ganic standards are quite similar. It’s the nuances or variances that we try to work
Canada: Equivalency in Action
out in [trade] negotiations.”
One of the primary roles of the USDA is to enhance market potential for U.S.
producers and processors by facilitating agricultural trade with other nations. The
NOP plays an important role in establishing agreements with foreign countries.
Equivalency arrangements specifically allow products produced and certified ac-
cording to one country’s organic standards to be sold as organic in the partnering
country, provided specific requirements are met. Such an agreement breaks down
barriers and eliminates added costs for organic producers or processors who no
longer have to be certified to multiple
In 2009, the USDA negotiated the
first international determination of
equivalence with Canada. As a result,
producers and processors that are certified to the USDA Organic regulations by
an NOP-accredited certifying agent do
not have to become separately certified
to the Canadian regulations for products
to be represented as organic in Canada.
Likewise, Canadian organic products
certified to their national standards may
be sold or labeled in the United States as
Canada is by far the largest market for
U.S. organic products, with U.S. exports
estimated at $1.4 billion in 2010 out of
total organic exports of $1.8 billion. The Foreign Agricultural Service office in Ottawa estimates that nearly 70 percent of Canada’s organic consumption originates
from imports, and 90 percent of those imports come from the U.S.
Organic produce and processed foods make up the majority of U.S. organic
products shipped to Canada. In fact, as last reported by the USDA’s Foreign Agri-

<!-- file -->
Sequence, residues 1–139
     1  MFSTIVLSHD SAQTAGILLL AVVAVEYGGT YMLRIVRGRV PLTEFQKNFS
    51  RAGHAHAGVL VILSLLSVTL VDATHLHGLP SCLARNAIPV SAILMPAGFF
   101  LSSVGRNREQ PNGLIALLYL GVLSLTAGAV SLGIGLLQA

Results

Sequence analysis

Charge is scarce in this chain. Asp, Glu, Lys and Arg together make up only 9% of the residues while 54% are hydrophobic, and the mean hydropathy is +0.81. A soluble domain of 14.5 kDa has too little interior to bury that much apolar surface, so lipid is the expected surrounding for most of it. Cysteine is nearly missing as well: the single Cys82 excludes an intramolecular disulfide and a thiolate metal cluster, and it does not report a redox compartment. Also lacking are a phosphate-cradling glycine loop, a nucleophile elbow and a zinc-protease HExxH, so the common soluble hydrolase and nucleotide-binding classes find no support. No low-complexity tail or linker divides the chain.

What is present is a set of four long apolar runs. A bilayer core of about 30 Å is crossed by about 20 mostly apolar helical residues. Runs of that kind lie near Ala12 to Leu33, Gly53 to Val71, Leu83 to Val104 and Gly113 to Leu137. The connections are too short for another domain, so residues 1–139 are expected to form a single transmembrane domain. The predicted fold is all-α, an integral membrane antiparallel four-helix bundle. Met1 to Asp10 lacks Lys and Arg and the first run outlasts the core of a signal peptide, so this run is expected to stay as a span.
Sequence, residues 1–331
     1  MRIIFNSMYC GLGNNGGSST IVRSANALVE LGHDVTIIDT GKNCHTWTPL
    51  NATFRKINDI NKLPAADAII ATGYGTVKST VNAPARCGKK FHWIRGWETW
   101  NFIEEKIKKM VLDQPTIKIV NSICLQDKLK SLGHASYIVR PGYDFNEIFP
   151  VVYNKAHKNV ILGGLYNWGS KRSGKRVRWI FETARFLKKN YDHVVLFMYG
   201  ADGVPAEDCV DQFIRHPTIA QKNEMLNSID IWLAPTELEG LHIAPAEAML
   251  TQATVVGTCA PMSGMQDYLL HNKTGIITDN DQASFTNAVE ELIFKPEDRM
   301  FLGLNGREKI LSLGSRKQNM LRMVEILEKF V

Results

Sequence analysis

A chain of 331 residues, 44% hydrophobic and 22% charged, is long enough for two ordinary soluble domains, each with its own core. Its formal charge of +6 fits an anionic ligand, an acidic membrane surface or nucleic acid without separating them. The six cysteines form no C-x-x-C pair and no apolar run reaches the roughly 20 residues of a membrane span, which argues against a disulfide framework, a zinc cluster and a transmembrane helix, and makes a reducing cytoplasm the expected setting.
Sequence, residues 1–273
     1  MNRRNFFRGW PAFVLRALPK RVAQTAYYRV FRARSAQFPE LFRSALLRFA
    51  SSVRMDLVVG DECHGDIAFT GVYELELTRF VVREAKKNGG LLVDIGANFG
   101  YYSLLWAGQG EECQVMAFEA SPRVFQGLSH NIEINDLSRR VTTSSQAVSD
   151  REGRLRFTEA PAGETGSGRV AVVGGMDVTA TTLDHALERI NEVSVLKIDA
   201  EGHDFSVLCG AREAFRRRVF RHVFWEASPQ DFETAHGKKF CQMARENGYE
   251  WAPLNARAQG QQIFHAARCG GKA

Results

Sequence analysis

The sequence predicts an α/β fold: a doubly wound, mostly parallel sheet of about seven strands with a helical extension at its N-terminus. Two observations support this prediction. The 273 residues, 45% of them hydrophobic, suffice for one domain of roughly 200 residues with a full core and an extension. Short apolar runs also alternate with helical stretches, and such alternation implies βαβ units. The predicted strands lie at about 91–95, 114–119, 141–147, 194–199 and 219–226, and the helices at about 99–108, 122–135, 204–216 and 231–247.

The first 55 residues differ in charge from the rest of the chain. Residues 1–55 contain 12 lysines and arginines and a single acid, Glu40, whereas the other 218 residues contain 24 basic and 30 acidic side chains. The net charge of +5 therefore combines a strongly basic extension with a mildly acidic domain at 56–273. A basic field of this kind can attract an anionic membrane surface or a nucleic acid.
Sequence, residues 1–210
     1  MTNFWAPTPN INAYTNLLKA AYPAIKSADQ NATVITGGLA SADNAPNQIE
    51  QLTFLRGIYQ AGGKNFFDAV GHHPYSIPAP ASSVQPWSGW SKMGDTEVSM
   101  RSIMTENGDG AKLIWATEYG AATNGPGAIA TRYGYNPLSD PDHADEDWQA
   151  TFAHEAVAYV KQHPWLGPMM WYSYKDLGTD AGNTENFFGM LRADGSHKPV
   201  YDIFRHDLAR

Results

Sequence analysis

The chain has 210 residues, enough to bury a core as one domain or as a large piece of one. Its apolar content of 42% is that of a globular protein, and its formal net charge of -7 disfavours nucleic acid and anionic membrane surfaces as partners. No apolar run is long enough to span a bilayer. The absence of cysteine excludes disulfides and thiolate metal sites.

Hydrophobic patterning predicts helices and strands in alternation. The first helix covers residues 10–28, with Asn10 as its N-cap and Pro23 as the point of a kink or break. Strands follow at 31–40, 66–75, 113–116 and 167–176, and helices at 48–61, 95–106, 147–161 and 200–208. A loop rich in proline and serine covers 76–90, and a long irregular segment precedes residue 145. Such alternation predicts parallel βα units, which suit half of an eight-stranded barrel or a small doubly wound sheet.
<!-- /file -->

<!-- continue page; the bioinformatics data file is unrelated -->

cultural Service, between January and
August 2011, Canada was the dominant
export market for organic products at
$167.4 million (this accounts for organic
products that can now be tracked as a
result of Harmonized Tariff Schedule
codes, which went into effect January 1,
2011). Total organic exports from the
United States during the same period
were valued at $259.1 million: top-val-
ued products included lettuce at $59
million, cherries at $30.5 million and ap-
ples at $24.1 million.
As the first of its kind, the equivalency arrangement with Canada poses
obvious benefits for trade activity with
one of the United States’ largest trading
partners. To help implement the agree-
Amid the intricacies of the global
organic market and NOP’s ongoing
measures to ensure integrity, opportunities for international market access
are greater than ever. However, with
multiple organic certification systems
operating simultaneously, those who
want to expand the market for their
organic products must become familiar with multiple countries’ standards.
To streamline international trade, the
NOP has worked to harmonize some
of these various standards through
According to Ruihong Guo, former
director of NOP’s Accreditation and
International Activities division, “The
truth is that different countries’ or-
Understanding NOP’s International Agreements
USDA facilitates agricultural trade with other nations to enhance market scope
and potential for U.S. producers and processors. Organic agriculture poses no exception, and the NOP plays an important role in establishing agreements with foreign
countries to provide increased market opportunities for U.S. organic agriculture.
The nature of NOP’s international partnerships falls under one of three categories:
• Recognition agreement: Allows a foreign government to accredit certifying
agents in its country. These accredited agents can then certify organic products in
that country to the NOP standards. The NOPhasthese agreements with Denmark,
Israel, India, Japan, New Zealand, and the United Kingdom.
• Equivalency arrangement: Allows products produced and certified according to
one country’s organic standards to be sold as organic in the partnering country,
provided specific requirements are met. The NOP hasthisarrangement with
Canada. The arrangement includes some critical variances.
• Export agreement: Allows U.S. organic products to be sold as organic in a partnering country, provided specific requirements are met. The NOPhasthisagree-ment with Japan and Taiwan.
For more information, go to www.ams.usda.gov/NOPInternationalAgreements.
Canada is by far the largest
market for U.S. organic products,
with U.S. exports estimated at
$1.4 billion in 2010 out of total
exports of $1.8 billion.
A few of the many products that have
had great success in Canada.